Health A to Z

Women's Health: Program offers breast cancer survivors food tips and social contact

Weekly classes on healthy eating include tutorials, cooking sessions and group discussion

For many women, a breast cancer diagnosis can disrupt the delicate balance of work and family. The result is often personal neglect, especially when it comes to eating right. But a program of nutrition and cooking classes can help women stay on course.

One such program, FoodShare Toronto’s Good Food for Life, caters to premenopausal women who have been diagnosed with breast cancer within the previous three years. Once a week for eight weeks, groups of 10 to 12 women get together to learn, cook and socialize.

“This program is not only to deal with the sheer facts of better nutrition, but also to explore feelings and emotions around food. It’s a very communal thing,” says Dr. Julia Lee, a member of FoodShare’s board of directors.

Much of what is learned may be common sense, like eating more fruit and vegetables, but Good Food for Life reminds women to relax and not take their health for granted. “There’s a lot of pressure on them to almost neglect themselves in the battle for survival. This program helps women get to a place where they can meet other women who are trying to work and raise a family.” Lee says. “They make a meal and eat together.”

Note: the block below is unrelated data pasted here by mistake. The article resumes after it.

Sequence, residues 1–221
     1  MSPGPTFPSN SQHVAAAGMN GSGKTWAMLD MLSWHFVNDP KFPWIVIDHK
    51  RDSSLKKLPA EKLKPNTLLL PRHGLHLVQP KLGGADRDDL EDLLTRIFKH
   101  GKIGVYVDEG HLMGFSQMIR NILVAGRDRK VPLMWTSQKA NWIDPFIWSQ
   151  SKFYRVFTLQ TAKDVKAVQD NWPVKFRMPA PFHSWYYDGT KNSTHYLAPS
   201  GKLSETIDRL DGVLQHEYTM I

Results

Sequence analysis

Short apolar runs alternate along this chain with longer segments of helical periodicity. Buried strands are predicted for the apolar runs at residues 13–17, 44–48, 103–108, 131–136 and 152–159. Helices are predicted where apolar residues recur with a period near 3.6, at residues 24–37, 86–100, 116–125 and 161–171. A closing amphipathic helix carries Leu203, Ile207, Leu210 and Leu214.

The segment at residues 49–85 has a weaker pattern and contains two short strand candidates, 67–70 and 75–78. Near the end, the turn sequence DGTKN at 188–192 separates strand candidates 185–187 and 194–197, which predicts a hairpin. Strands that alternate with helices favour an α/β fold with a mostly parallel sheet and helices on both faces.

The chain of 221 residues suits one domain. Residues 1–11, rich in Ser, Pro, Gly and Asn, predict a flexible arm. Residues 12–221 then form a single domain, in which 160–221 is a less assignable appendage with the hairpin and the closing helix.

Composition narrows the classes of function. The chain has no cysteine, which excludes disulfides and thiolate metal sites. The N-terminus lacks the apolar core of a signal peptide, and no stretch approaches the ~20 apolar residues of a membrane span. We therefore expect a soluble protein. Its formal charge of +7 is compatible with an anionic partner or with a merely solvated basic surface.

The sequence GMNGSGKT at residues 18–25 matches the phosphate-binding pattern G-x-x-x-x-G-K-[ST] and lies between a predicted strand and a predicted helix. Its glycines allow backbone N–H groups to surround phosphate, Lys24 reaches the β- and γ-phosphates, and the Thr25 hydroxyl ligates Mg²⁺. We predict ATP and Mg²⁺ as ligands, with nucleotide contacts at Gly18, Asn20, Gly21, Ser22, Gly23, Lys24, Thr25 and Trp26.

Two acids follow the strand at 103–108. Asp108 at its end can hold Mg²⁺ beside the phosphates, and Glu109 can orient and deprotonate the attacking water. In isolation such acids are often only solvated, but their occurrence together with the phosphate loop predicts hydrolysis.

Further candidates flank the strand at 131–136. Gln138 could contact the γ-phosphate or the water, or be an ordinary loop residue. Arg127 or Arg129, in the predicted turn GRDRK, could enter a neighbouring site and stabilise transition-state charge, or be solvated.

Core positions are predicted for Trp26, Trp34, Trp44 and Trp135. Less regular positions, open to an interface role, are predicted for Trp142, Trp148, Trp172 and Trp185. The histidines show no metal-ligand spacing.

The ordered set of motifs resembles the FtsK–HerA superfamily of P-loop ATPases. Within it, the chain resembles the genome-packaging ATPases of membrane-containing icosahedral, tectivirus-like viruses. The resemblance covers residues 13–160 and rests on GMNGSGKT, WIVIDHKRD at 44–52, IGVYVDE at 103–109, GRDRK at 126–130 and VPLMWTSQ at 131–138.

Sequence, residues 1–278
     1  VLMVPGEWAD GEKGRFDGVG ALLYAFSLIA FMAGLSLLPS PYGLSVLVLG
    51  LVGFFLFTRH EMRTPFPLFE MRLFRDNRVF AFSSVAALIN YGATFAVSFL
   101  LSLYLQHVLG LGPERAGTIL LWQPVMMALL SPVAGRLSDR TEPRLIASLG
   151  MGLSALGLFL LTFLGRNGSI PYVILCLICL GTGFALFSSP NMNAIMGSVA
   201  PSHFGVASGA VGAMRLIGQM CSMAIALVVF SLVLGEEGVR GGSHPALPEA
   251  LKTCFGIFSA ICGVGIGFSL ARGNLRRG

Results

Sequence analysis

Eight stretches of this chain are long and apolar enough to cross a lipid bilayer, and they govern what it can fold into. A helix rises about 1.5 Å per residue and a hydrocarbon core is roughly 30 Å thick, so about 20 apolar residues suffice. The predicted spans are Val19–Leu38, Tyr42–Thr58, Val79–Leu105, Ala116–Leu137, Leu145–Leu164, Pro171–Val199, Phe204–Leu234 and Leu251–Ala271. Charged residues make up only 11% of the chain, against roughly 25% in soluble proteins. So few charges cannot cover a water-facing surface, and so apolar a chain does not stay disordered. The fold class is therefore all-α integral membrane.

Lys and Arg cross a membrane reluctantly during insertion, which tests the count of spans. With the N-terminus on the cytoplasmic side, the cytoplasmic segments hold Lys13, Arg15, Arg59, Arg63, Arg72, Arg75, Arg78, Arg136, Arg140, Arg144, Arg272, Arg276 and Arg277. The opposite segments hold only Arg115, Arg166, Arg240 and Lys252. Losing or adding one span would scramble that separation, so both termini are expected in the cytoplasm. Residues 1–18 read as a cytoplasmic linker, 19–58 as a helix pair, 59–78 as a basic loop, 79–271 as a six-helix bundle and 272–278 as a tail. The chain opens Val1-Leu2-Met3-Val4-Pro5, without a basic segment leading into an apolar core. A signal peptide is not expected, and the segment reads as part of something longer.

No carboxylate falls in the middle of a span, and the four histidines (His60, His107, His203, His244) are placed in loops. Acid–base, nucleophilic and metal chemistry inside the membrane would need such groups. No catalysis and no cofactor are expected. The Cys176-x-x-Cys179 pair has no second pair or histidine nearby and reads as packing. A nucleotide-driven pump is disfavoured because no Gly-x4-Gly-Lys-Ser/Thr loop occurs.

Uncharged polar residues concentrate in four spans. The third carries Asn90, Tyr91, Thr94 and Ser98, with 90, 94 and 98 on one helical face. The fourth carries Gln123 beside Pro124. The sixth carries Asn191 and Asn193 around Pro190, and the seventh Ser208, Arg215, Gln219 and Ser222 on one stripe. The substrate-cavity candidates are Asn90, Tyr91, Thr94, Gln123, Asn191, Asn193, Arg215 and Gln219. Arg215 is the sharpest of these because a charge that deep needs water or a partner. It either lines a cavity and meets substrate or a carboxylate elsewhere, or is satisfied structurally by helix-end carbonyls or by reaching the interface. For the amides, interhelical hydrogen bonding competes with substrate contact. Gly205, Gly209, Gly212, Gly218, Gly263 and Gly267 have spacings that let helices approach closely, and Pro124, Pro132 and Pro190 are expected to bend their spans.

Every week, a different theme is discussed. There are classes that focus on fruit, vegetables, grains, beans and legumes, fish and lean meats, eggs and calcium-rich foods. In the fruit class, for example, the women learn four recipes: cold mango soup, whole-wheat pasta salad with dried fruit, fruit compote and salmon kebobs with mango/papaya salsa.

The recipes are all designed to be quick and easy to make, according to Louise Huneault, a chef/educator who teaches many of the classes and helped design the cooking curriculum.

Classes begin with a snack and a tutorial on the subject at hand. For example, the “convenience foods” class involves learning how to read and interpret labels. The women then break up into groups, depending on which recipe they’ve chosen to make that day, and start cooking. After about an hour, the women sit and eat together.

“We actually take the time to enjoy the food because mindful eating is a large part of the program. We teach them to sit down in a calm environment to eat. That doesn’t include the car!” Huneault says.

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